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Cigna, Aetna enter outcomes-based contract with Novartis for heart drug

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Amid growing pressure on pharmaceutical companies to prove their drugs are worth the sticker shock, health insurers Cigna Corp. and Aetna Inc. said they will pay Swiss drugmaker Novartis A.G. for its newly approved heart failure medication based on how well the drug does its job.

Under Cigna's outcomes-based contract, the Bloomfield, Connecticut-based insurer will pay Basel, Switzerland-based Novartis for how well the drug Entresto performs, evaluated by the reduction in the proportion of patients hospitalized due to heart failure, Cigna announced in a statement Monday.

Entresto was approved by the U.S. Food and Drug Administration in July. According to Reuters, the drug costs about $12.50 per day or $4,560 per year.

A spokeswoman for Cigna declined to provide further financial details on the contract, which she said was proprietary, but said Cigna “will be tracking the outcomes based on our own claims data of our customers.”

But the division head of Novartis Pharmaceuticals, David Epstein, said in a Jan. 27 conference call with investors that the firm and two health insurers agreed to “a base rebate” that will “go up or go down” depending upon whether Novartis reaches its goal of reduced hospitalization.

A Novartis spokesman confirmed that Aetna is one of the two health insurers referred to by Mr. Epstein on the call.

Pay-for-performance contracts between drug companies and health insurers are rare, but pharmacy experts consider it a step forward from the pay-per-pill arrangements that characterize the U.S. health system.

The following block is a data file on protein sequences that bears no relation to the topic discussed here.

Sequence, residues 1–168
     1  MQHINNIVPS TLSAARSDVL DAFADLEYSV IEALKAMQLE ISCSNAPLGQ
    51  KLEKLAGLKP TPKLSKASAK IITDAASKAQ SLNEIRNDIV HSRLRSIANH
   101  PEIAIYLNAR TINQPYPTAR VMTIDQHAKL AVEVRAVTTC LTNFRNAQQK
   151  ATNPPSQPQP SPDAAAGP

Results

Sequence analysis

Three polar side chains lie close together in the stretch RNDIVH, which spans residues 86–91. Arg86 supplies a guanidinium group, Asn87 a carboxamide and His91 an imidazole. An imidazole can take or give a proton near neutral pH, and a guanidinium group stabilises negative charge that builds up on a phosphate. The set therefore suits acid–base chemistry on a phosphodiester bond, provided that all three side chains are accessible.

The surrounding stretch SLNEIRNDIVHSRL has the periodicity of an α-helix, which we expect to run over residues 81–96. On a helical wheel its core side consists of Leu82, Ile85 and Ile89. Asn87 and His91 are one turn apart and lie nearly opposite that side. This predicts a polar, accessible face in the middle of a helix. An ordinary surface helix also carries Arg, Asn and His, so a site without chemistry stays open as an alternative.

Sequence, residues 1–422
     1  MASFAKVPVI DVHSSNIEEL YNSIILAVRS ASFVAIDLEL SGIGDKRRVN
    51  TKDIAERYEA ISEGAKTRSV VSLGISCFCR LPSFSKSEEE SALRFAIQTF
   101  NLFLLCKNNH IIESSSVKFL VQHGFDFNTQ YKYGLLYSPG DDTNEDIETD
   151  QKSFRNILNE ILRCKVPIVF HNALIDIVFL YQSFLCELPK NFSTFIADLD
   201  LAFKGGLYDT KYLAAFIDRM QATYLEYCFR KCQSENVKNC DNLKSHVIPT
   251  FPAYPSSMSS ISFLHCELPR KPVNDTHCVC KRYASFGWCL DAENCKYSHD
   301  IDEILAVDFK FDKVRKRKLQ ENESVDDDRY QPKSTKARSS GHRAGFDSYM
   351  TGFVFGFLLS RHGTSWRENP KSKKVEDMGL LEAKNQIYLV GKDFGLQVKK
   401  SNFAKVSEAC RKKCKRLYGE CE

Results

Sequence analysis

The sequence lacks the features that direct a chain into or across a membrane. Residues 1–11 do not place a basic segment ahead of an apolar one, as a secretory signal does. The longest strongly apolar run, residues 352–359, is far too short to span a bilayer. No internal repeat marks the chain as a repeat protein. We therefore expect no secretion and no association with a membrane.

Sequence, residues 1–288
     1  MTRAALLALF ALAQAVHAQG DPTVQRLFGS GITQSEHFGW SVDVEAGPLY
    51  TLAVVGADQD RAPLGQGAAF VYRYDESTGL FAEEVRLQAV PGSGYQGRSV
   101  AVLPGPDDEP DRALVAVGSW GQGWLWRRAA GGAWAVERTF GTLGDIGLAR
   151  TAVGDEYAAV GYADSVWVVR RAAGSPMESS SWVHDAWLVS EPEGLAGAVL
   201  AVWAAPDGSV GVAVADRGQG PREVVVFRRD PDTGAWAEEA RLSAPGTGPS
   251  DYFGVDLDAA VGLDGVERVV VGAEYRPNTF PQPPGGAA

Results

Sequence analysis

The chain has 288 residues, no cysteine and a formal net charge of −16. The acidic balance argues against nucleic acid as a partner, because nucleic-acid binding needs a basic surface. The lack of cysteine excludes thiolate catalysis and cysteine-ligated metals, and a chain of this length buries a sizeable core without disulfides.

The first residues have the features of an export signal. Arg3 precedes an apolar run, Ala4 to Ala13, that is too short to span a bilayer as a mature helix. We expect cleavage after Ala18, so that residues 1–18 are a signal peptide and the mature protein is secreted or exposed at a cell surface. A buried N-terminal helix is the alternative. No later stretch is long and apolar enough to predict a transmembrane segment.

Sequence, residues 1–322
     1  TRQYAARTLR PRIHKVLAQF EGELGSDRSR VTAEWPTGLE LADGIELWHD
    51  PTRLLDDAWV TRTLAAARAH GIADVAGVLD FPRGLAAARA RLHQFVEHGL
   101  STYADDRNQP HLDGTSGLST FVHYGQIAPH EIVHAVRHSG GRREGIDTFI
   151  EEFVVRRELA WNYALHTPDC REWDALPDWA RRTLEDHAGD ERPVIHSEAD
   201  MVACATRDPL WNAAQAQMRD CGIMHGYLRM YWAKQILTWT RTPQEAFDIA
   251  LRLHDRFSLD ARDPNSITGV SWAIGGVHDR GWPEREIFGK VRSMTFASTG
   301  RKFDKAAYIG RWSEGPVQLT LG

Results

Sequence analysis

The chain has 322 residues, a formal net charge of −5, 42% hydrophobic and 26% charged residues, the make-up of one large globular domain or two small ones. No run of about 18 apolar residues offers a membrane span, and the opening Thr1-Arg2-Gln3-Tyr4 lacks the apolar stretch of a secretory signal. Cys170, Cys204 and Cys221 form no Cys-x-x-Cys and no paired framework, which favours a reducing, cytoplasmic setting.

Traditionally, insurers pay for each pill administered, regardless of whether it worked on the patient, which can be wasteful and costly.

Still, it's hard to pull off an outcomes-based arrangement and takes a very specific situation to be able to do so, sources said.

“It's not very common at all to do it. It's very complicated, and it takes time and it's expensive to do for all the parties,” said Randy Vogenberg, Greenville, South Carolina-based principal at the Institute for Integrated Healthcare and partner at Access Market Intelligence.

First, there needs to be a solid, measurable outcome, and different parties define a good outcome differently, said Mr. Vogenberg. For instance, a health insurer may look at outcomes within a fiscal year, while employers tend to view outcomes holistically, because they want their employee to be healthy long-term, and drug makers look for objective clinical measures, like blood pressure levels, he said.

The parties in the contract also must be able to collect and analyze data while ensuring patient privacy, which can be difficult, sources said.

In Cigna's case, because the insurer's commercial business contains both a pharmacy benefit management program and medical benefits, “they've got access to both ends of the deal, so to speak,” said Craig Oberg, St. Paul, Minnesota-based managing consultant with pharmacy benefit consultant The Burchfield Group Inc.

Despite the difficulties, pay-for-performance deals can be executed with “the right conditions and the right drugs as a solution to some of those conditions within certain populations,” Mr. Vogenberg said.

The deal with Novartis isn't Cigna's first outcomes-based arrangement. Cigna struck such deals with Merck & Co. Inc. in 2009, EMD Serono in 2011, and Gilead in 2015 for its hepatitis C treatment Harvoni, according to the Cigna spokeswoman.

Whether employers benefit from such pay-for-performance deals is debatable. Health plans don't necessarily have to pass cost savings to the employer, sources said. However, employers could find comfort in the fact that the health insurer is working to manage the overall health of its plan members.

For fully insured employers, much of the value from the outcomes-based contract is “kept by the health plan, and the health plan doesn't necessarily reduce the premiums to the employer, so the employer doesn't really see the value,” Mr. Vogenberg said.

Still, with added pressure on both health insurers and pharmaceutical companies to help solve the country's rapidly escalating health care spending, more outcomes-based deals may be on the horizon.

“I think that [pay-for-performance] will grow,” Mr. Oberg said. “I think it's also something that is kind of necessary in our country … Manufacturers are going to be challenged more and more to prove the real value of their medication.”